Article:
Accumulation of chemical elements and occurrence of microplastics in small pelagic fish from a neritic environment


The assessment of contaminant exposure in marine organisms often focuses on the most toxic chemical elements from upper trophic level species. Information on mid-trophic level species and particularly on potentially less harmful elements is lacking. Additionally, microplastics have been considered emergent contaminants in aquatic environments which have not been extensively studied in species from mid-trophic levels in food chains. This study aims to contribute to an overall assessment of environmental impacts of such chemicals in a community of small pelagic fish in the North Atlantic. The concentrations of 16 chemical elements, rarely simultaneously quantified (including minerals, trace elements and heavy metals), and the presence of microplastics were analysed in sardines (Sardina pilchardus) and mackerels (Scomber spp. and Trachurus trachurus) sampled along the Portuguese coast. Biochemical stress assessments and stable isotope analyses were also performed. The chemical element concentrations in S. pilchardus, T. trachurus, and Scomber spp. were relatively low and lower than the levels reported for the same species in the North Atlantic and adjacent areas. No clear relationships were found between chemical elements and oxidative damage in fish. However, the concentration of several chemical elements showed differences among species, being related with the species’ habitat use, trophic niches, and specific feeding strategies. The presence of plastic pieces in the stomachs of 29% of the sampled fishes is particularly concerning, as these small pelagic fish from mid-trophic levels compose a significant part of the diet of humans and other top predators. This study highlights the importance of multidisciplinary approaches focusing on the individual, including position data, stable isotopes, and oxidative stress biomarkers as complementary tools in contamination assessment of the marine mid-trophic levels in food chains.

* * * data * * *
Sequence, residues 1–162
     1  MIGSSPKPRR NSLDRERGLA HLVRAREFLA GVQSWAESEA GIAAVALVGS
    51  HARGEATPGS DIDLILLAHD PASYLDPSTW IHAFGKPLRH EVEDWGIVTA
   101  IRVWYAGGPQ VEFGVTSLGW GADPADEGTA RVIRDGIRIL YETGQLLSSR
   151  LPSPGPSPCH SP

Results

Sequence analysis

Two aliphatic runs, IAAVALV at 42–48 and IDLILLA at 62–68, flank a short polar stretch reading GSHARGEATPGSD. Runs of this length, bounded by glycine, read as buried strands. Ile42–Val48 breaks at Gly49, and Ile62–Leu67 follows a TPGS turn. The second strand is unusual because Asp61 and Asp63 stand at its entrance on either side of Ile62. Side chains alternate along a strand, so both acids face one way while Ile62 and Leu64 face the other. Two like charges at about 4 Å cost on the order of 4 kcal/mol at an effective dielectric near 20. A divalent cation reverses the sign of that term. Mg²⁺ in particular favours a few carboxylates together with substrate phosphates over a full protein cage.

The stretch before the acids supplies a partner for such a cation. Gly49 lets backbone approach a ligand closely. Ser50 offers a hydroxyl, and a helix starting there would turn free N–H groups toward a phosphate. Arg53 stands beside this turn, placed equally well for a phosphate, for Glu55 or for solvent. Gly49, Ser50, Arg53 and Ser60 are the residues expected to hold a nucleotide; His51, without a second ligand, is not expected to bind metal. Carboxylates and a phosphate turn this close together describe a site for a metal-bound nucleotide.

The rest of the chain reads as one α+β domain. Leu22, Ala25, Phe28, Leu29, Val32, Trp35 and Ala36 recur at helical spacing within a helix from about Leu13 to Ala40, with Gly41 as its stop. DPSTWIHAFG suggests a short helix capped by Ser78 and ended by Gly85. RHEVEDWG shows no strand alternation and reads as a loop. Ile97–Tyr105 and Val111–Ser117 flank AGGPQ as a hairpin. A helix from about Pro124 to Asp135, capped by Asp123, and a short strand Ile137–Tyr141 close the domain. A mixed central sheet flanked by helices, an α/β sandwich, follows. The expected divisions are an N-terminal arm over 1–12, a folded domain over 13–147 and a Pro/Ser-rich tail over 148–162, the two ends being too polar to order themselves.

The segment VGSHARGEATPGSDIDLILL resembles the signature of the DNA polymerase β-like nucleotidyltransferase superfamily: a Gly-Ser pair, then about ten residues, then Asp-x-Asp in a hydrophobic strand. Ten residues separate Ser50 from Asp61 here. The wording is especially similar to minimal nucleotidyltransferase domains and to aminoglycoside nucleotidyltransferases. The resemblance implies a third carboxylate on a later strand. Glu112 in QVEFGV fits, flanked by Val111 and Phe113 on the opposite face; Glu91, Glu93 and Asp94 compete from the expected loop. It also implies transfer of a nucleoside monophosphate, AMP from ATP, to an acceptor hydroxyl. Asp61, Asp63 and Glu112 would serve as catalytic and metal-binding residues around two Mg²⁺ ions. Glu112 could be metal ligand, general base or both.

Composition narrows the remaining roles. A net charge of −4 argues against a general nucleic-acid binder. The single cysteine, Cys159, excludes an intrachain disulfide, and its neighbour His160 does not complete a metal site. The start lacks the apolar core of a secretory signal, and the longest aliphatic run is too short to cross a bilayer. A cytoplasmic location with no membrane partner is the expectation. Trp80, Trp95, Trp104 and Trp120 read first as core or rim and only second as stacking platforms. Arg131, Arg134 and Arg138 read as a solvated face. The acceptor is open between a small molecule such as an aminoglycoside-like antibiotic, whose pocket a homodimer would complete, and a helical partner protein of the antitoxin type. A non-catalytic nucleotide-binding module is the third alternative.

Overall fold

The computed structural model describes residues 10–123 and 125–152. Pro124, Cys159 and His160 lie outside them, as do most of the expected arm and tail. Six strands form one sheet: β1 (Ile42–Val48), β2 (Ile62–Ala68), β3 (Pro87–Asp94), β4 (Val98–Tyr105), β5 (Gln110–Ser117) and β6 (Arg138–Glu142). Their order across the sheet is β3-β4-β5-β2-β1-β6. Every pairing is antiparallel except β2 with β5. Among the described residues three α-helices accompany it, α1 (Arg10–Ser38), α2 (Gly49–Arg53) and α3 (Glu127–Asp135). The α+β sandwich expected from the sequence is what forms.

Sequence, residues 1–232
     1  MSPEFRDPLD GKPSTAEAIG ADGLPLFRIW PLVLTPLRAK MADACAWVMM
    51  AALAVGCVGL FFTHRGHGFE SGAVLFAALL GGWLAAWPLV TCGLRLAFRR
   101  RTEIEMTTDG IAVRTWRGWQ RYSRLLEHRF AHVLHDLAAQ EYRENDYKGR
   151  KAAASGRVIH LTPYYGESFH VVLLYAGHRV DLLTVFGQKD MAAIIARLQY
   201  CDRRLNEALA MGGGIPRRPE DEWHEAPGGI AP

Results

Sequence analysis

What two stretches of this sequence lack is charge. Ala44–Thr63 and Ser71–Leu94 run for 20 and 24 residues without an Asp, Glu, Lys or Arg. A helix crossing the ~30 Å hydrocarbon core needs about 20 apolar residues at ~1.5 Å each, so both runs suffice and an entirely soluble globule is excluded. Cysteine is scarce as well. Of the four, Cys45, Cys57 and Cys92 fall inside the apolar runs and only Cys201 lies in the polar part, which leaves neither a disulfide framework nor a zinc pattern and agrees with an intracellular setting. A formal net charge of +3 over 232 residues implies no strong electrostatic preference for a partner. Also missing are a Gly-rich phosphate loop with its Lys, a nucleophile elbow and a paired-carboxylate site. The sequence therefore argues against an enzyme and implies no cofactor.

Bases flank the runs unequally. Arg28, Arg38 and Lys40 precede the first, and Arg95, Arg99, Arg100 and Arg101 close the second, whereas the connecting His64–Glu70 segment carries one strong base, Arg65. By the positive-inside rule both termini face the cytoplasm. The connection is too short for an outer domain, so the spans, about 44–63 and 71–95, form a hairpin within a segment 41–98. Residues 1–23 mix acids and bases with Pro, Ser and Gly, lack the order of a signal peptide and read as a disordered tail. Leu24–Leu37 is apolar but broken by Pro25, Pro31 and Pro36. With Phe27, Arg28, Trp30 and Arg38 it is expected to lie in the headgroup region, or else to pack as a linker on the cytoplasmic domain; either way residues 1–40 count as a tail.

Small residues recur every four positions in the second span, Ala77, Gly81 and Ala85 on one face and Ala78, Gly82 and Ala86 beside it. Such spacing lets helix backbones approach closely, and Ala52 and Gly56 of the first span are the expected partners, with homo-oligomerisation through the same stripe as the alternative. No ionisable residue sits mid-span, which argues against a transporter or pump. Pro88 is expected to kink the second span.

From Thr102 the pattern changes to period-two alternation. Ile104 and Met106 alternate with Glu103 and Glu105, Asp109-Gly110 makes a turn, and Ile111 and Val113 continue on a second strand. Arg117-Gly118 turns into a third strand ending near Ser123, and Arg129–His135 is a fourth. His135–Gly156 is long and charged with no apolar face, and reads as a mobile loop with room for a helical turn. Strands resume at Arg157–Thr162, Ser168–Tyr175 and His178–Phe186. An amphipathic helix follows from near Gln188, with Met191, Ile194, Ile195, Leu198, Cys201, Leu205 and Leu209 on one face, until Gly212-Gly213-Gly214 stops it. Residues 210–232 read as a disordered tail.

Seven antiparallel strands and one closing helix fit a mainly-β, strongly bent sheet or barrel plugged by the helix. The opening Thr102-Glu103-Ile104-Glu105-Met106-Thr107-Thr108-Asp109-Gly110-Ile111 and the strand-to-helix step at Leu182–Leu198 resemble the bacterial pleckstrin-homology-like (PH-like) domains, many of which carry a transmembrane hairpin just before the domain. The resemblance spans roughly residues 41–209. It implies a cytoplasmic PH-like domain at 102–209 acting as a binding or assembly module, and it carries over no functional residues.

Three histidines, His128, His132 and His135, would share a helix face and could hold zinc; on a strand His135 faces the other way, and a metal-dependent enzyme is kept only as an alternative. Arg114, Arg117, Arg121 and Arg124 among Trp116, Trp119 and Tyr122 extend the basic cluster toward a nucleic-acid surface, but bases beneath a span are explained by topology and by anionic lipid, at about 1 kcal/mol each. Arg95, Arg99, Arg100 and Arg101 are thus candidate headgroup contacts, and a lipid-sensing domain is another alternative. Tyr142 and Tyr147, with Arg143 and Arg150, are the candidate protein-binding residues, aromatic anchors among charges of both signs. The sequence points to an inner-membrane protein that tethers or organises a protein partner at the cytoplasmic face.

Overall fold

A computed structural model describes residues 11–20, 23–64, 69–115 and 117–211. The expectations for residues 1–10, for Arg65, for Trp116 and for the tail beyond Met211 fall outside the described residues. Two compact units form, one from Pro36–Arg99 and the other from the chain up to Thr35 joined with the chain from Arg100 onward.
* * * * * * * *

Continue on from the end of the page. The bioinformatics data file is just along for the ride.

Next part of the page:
Authors: Joana M da Silva, Luís M F Alves, Maria I Laranjeiro, Filipa Bessa, Andreia V Silva, Ana C Norte, Marco F L Lemos, Jaime A Ramos, Sara C Novais, Filipe R Ceia
; Full Source: Environmental pollution (Barking, Essex : 1987) 2021 Nov 2;292(Pt B):118451. doi: 10.1016/j.envpol.2021.118451.